Ever since Charles Taylor (A Secular Age) and Talal Asad (Formations of the Secular) questioned the supremacy of secularization, scholars in the fields of philosophy, sociology, and anthropology have used post-secularism to analyze gender, state violence, religion, pain, the senses, and more. This perspective has helped us to consider how secularization has been accepted as normative and inevitable, and how it functions as a disciplinary apparatus or as a constructed ideology. Lori Branch writes, “to view secularism as an ideology admits that it has operated as an invisible and insufficiently examined set of assumptions,” while Michael Warner “advocates seeing secularism ‘as a specific cultural formation in its own right, with its own sensibilities, rituals, constructions of knowledge and ethical projects.” However, many humanities scholars have been reluctant to apply these new ideas to the literature we read and teach.
This panel seeks proposals that investigate how post-secular theory—a mutually constitutive view of the dialectic of the sacred and the secular—functions in relation to narrative and fiction. What are some of the ways in which post-secularism remakes or changes our understanding of the interpretation of literature as such? How does post-secularism force the humanities to analyze novels, plays, and poetry in new ways? What does it change about our understanding of literary history? How does imagining secularization as a narrative help us to rethink the literature that support this thesis—i.e. the development of the realist novel? This panel welcomes papers from all disciplines, time periods, and specialties.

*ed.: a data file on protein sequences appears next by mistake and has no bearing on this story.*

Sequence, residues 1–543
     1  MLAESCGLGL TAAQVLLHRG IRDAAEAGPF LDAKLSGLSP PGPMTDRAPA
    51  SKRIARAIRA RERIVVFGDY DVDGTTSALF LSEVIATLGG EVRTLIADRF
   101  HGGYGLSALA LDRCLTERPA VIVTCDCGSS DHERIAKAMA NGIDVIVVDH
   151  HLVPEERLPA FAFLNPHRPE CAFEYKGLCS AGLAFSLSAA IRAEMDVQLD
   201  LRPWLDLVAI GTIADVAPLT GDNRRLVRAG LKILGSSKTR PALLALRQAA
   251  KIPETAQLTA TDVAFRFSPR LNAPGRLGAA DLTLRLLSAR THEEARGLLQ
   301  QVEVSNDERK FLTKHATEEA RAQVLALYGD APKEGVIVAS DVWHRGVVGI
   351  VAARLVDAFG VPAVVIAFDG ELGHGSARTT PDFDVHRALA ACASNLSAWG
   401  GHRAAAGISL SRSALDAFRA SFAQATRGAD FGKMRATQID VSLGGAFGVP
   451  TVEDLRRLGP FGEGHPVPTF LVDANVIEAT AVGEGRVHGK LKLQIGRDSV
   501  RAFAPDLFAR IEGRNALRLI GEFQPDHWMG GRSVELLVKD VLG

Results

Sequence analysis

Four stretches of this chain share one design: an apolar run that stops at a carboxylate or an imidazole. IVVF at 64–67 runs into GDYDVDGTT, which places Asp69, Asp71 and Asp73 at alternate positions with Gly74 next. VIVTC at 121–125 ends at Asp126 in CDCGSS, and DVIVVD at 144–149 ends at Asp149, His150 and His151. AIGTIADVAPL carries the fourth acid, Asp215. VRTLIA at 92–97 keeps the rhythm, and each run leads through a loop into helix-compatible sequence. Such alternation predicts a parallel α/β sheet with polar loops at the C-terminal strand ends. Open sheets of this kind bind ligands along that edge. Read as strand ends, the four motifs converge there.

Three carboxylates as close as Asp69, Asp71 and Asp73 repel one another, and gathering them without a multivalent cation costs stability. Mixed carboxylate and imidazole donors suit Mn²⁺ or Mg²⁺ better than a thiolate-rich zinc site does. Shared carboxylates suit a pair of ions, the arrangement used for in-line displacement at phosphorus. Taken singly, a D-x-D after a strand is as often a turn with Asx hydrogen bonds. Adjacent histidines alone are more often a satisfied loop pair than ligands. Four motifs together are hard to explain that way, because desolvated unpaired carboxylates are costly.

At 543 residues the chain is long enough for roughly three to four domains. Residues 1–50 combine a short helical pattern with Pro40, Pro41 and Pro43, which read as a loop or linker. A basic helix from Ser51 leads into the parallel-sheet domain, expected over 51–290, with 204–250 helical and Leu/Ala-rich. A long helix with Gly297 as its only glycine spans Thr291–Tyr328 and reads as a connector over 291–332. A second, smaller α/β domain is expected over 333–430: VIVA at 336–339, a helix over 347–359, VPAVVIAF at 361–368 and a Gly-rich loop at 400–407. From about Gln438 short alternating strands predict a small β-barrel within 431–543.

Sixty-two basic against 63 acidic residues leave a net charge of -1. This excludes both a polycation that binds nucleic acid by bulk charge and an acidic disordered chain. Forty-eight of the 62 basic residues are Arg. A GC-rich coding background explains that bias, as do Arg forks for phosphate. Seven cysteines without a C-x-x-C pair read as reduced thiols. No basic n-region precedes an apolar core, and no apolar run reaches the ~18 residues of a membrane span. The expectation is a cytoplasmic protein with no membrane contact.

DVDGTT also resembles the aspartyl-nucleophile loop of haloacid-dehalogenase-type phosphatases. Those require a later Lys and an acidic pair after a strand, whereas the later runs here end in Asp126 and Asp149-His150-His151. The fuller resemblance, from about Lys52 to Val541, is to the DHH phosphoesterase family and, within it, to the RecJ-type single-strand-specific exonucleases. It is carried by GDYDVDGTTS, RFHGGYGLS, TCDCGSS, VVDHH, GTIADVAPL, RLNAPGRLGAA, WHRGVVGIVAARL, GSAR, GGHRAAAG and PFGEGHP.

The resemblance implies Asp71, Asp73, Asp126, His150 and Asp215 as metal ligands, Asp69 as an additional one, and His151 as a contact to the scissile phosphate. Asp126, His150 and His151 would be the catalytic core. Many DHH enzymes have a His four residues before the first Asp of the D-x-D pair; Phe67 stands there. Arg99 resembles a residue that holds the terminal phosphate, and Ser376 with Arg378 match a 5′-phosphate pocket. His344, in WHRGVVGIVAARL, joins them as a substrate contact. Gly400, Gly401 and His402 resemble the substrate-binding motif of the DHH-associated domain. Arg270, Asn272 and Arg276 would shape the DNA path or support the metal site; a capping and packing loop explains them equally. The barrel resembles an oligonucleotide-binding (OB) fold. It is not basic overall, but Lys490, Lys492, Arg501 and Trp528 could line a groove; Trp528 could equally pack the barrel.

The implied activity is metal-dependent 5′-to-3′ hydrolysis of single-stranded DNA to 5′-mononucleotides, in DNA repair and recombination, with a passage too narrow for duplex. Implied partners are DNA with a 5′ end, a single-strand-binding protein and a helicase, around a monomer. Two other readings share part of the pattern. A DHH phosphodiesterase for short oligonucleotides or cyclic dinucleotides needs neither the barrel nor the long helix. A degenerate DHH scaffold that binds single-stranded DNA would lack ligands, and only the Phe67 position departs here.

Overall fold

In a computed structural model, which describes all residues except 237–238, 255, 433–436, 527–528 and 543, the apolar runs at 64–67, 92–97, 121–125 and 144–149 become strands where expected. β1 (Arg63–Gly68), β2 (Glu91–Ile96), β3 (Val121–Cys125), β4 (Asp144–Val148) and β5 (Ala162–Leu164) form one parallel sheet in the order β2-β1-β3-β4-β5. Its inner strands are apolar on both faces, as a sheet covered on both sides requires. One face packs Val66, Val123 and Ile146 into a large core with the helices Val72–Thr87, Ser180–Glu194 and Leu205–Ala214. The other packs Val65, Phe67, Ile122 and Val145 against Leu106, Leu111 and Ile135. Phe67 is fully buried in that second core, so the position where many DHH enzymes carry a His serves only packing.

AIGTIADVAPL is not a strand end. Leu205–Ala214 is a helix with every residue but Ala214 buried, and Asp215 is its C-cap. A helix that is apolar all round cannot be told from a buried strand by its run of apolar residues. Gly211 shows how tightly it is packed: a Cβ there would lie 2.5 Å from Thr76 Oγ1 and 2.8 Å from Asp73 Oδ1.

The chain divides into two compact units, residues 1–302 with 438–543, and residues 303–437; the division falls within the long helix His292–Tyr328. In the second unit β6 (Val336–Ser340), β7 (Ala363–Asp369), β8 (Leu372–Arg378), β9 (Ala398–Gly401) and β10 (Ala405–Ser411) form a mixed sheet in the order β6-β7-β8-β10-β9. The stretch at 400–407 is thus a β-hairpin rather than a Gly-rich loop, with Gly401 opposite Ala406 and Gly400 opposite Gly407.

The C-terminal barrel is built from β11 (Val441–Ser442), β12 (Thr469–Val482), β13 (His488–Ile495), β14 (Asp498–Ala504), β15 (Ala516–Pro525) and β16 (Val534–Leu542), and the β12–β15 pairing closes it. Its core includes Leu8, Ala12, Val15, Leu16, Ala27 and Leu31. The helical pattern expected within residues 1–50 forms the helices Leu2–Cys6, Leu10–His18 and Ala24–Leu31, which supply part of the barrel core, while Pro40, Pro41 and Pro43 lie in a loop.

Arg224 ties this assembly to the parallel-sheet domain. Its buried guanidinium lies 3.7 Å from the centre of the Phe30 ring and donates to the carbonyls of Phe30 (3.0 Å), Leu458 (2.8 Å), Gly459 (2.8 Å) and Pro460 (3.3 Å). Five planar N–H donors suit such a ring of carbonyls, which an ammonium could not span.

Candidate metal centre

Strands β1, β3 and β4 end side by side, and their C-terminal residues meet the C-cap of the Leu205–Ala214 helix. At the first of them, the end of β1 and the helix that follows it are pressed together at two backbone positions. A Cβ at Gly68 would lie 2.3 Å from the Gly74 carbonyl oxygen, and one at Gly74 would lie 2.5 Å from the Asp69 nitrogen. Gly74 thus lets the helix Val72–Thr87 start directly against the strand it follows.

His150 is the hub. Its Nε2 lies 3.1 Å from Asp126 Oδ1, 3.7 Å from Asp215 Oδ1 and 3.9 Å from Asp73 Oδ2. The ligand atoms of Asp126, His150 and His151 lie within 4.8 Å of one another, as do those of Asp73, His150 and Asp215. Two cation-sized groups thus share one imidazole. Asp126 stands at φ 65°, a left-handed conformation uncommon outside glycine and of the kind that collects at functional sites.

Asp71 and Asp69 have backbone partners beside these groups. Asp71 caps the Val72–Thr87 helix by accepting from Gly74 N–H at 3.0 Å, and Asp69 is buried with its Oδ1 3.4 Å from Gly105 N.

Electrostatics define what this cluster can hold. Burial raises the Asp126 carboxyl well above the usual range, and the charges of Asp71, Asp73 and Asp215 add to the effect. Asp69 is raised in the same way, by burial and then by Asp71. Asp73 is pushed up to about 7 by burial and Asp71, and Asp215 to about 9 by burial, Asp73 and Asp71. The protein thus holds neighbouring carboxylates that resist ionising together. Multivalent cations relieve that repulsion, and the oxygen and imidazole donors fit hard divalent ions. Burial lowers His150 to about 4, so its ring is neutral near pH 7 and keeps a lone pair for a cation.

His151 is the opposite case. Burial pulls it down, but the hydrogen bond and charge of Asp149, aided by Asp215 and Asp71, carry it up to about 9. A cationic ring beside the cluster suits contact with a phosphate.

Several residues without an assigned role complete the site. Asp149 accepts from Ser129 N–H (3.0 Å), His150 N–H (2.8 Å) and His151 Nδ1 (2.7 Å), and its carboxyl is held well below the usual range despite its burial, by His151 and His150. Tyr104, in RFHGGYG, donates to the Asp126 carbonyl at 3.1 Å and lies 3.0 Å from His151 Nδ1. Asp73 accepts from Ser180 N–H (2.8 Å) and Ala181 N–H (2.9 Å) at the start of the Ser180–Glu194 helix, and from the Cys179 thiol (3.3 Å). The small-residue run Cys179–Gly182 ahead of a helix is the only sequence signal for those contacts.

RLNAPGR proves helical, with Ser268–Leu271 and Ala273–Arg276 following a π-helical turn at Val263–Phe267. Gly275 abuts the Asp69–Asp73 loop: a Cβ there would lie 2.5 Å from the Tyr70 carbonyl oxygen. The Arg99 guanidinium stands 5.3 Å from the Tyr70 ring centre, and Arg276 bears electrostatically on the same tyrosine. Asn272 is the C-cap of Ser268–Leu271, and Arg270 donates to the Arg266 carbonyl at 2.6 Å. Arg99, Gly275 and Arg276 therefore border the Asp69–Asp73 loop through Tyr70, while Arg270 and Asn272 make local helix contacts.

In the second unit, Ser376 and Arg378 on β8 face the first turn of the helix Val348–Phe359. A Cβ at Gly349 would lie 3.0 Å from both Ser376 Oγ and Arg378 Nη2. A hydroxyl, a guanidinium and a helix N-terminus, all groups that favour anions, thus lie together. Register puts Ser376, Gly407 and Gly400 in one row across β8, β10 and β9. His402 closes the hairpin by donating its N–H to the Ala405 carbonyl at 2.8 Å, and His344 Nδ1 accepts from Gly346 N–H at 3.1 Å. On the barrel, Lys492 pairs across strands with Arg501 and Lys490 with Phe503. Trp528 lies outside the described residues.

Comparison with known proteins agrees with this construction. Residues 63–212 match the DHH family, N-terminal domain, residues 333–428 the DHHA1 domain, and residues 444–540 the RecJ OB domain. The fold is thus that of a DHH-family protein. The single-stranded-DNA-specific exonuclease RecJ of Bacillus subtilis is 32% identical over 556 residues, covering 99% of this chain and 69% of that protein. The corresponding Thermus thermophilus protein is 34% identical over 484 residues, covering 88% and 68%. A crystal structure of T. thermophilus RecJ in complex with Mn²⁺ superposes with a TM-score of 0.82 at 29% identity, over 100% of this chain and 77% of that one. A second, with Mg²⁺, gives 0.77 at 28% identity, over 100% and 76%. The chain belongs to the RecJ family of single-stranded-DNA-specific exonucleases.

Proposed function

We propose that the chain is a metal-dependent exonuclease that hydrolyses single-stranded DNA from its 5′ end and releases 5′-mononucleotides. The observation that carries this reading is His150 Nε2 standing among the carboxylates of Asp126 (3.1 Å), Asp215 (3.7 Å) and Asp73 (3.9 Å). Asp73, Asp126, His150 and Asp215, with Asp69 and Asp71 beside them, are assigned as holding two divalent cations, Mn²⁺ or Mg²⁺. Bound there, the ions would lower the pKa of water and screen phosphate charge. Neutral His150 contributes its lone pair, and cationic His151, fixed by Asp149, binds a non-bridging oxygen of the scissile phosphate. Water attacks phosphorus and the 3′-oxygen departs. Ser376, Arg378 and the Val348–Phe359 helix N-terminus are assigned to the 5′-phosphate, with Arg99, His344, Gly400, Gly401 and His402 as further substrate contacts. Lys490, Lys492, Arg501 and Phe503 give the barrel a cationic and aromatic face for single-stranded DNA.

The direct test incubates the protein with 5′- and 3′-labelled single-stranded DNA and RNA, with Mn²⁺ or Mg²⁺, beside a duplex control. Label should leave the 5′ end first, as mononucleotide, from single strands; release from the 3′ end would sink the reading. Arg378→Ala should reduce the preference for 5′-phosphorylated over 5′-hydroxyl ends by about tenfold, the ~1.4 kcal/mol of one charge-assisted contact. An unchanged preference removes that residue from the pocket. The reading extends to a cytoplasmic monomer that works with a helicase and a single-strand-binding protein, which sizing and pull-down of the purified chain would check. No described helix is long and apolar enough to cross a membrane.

Submit abstract proposals to http://www.buffalo.edu/nemla/convention/callforpapers/submit.html.